A TFRP Assessment refers to the actual act of imposing the Trust Fund Recovery Penalty against an individual.

How is the Trust Fund Recovery Penalty imposed on a person?

In order to make a TFRP assessment, an IRS Revenue Officer will meet with the individuals who may be found to be responsible persons. Typically, this will include any business owners and any will sometimes also include bookkeepers, CEOs, CFOs, and other managers who might have had both control over company finances and control over employees. These meetings are often called “4180 interviews” referring to the IRS Form 4180 that is completed by the Revenue Officer based on the information discussed in the interview and then signed off on by the person who was the subject of the interview, to agree that the information contained on the form is true and accurate.

Am I Allowed to be Represented by Counsel in the Interview?

Yes, every person subjected to a 4180 interview/ TFRP Assessment Interview is entitled to have counsel present with them. It is typically a good idea to have experienced legal counsel with you at the interview to protect your own interests and to help keep the conversation focused on the issue of a TFRP assessment, rather than gathering information to be used in IRS collections efforts or, in a worst case scenario, an IRS Criminal Investigation. An experienced tax attorney can also help you key in on important times to provide the IRS with specific information to help you meet your goals, whether the goal is keeping the assessment focused on you, the business owner (rather than an unsuspecting bookkeeper), or whether the goal is to avoid personal assessment against yourself. Just as no lawyer can guarantee you a result in any legal matter, a lawyer cannot guarantee that they will be able to meet your goals for a successful TFRP interview, but having an experienced tax lawyer with you can give you a realistic idea of the outcome to anticipate and can help you build the case for the goals you have set.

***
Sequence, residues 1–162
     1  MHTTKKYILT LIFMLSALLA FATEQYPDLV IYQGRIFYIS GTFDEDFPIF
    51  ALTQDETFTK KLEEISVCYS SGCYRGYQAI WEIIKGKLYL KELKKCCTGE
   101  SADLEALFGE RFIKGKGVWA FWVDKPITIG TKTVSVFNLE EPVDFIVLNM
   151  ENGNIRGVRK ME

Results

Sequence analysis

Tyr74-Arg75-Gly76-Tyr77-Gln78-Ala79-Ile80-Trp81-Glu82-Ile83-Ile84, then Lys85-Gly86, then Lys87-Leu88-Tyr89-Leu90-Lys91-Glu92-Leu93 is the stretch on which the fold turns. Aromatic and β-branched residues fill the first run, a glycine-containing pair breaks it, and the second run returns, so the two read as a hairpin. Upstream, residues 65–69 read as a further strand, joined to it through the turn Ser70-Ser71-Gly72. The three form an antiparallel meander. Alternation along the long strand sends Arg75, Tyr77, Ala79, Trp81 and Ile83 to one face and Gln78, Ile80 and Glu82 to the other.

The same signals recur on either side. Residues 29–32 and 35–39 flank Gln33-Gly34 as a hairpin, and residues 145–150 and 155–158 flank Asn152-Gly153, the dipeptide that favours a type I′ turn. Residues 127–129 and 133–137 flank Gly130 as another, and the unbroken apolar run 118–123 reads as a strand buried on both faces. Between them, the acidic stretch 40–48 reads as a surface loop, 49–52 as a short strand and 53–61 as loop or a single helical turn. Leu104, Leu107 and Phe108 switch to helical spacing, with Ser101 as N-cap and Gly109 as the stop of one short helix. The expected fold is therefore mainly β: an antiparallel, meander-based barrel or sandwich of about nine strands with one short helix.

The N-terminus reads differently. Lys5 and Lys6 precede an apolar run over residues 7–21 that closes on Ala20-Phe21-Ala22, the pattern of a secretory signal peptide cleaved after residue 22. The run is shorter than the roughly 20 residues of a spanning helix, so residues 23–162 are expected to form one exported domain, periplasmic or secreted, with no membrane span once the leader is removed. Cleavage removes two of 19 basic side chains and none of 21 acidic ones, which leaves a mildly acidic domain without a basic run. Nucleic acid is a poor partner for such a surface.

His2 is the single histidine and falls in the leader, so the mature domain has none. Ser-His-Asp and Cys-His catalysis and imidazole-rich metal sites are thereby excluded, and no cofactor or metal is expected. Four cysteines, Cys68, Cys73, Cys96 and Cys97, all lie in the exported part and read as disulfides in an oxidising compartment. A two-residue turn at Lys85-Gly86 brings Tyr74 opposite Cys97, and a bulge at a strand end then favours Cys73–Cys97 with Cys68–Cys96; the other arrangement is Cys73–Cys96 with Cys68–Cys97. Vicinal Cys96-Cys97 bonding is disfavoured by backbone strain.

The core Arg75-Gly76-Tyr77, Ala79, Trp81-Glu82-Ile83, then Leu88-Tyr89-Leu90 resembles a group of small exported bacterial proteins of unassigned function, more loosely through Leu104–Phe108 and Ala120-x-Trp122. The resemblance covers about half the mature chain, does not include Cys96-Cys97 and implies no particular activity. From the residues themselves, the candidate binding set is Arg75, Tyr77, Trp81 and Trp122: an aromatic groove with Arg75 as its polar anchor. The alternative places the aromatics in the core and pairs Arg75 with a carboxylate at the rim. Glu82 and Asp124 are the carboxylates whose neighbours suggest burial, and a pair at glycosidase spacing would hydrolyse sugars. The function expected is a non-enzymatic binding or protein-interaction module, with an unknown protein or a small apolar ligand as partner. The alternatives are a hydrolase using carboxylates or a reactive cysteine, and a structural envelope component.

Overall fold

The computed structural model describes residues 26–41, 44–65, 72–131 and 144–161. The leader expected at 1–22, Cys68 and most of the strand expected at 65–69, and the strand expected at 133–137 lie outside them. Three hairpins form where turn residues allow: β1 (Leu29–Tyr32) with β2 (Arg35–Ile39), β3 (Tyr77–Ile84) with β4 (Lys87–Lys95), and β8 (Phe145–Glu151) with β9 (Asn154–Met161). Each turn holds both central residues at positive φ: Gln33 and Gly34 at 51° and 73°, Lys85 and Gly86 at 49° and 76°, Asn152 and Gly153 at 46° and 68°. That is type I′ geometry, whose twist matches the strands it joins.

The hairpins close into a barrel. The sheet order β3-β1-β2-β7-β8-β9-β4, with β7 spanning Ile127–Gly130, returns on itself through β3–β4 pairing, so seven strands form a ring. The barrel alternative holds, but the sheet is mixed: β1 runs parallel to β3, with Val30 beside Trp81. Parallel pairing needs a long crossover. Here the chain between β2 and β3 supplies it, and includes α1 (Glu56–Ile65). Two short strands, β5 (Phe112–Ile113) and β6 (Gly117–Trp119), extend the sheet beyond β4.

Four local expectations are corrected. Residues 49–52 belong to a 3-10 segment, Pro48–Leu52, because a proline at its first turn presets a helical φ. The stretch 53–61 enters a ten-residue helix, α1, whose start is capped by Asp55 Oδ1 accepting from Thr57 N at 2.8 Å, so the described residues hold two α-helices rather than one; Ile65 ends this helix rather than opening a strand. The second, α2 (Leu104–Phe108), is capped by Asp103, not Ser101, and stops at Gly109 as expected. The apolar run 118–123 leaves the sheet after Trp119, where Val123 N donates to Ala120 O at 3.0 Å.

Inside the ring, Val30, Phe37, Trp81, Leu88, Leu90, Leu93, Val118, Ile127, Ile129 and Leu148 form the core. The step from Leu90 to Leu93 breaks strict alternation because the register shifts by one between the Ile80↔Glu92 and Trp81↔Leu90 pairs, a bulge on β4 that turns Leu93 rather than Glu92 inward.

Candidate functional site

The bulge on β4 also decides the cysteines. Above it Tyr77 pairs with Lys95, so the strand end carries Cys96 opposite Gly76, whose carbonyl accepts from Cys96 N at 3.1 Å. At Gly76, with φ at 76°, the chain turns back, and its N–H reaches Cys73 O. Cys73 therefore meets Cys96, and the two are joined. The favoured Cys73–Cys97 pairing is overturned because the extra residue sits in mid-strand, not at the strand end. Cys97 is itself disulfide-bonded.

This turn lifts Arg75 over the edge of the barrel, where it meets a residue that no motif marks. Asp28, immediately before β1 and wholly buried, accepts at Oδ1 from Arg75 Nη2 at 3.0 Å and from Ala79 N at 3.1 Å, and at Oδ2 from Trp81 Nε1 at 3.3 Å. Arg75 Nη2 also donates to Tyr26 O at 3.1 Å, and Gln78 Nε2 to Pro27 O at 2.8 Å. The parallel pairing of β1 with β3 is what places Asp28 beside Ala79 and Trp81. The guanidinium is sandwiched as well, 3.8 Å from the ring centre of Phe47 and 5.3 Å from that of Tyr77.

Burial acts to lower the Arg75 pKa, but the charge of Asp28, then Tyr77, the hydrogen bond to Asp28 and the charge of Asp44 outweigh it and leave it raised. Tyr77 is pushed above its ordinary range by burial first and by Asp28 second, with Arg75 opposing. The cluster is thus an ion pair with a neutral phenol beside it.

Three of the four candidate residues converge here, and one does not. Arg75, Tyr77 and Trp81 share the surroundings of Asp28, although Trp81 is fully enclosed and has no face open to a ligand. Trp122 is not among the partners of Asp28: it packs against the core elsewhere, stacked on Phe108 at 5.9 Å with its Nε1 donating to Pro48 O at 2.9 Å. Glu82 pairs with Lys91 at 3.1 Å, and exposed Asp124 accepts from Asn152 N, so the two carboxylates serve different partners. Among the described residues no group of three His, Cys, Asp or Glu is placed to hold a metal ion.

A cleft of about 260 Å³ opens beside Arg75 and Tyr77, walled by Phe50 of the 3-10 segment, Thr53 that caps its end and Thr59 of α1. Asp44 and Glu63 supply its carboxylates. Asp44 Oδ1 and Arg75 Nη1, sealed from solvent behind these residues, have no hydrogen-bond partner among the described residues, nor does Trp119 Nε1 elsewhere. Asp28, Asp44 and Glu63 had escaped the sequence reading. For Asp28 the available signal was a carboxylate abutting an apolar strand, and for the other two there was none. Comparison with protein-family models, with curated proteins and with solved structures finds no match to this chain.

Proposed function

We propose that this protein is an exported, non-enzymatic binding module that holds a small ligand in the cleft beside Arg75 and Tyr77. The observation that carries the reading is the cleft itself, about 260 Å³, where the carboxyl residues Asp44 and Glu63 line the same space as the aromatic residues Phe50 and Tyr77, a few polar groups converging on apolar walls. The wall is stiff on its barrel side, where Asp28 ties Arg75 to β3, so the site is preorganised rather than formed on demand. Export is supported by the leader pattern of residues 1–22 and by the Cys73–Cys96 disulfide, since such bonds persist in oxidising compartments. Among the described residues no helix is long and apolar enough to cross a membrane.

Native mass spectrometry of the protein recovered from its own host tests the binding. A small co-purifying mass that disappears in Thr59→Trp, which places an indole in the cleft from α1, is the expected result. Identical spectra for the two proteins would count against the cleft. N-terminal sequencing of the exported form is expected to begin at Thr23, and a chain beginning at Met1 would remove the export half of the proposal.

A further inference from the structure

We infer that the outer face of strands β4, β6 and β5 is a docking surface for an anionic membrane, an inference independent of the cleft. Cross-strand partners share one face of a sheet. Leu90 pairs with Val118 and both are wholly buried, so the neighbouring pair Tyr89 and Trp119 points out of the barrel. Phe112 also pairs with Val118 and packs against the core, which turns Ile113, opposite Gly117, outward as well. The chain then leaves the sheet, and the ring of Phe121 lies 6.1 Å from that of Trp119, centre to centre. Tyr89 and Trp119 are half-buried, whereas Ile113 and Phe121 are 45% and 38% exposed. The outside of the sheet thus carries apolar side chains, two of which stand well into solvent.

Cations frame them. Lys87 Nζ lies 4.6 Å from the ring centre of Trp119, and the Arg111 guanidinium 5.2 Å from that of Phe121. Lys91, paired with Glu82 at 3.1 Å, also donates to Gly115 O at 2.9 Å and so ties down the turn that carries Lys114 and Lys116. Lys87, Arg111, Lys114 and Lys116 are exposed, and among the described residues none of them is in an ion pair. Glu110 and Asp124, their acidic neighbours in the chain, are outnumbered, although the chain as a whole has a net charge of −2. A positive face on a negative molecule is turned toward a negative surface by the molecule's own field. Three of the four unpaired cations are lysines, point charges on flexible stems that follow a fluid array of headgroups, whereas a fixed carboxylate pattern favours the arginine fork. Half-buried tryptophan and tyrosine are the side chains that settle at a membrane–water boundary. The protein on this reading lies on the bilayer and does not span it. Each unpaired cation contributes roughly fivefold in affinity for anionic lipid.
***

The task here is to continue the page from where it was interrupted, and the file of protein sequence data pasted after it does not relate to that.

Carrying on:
After a TFRP Assessment is Made, What Comes Next?

If you do not agree with the Revenue Officer’s proposed findings that you are a responsible person and imposing the Trust Fund Recovery Penalty against you, you can proceed with a formal protest of this finding and contest the finding with the Revenue Officer’s manager and, if needed, IRS Appeals.

If you do agree that it is proper to assess the Trust Fund Recovery Penalty against you, then you can consider all the possible resolution options available for any individual tax liability. These may include:

Payment in Full
Trust Fund Recovery Penalties generally cannot be discharged in bankruptcy.

In addition to the normal considerations of how to resolve an individual tax liability, if there are limited resources available to pay the debt, as between the business and the individual, there are considerations to make as to how to structure any payments towards the trust fund amounts between the two entities. These are decisions that need to be made on a case-by-case basis and having an experienced tax attorney can help you greatly in determining what the best options are for you and your business.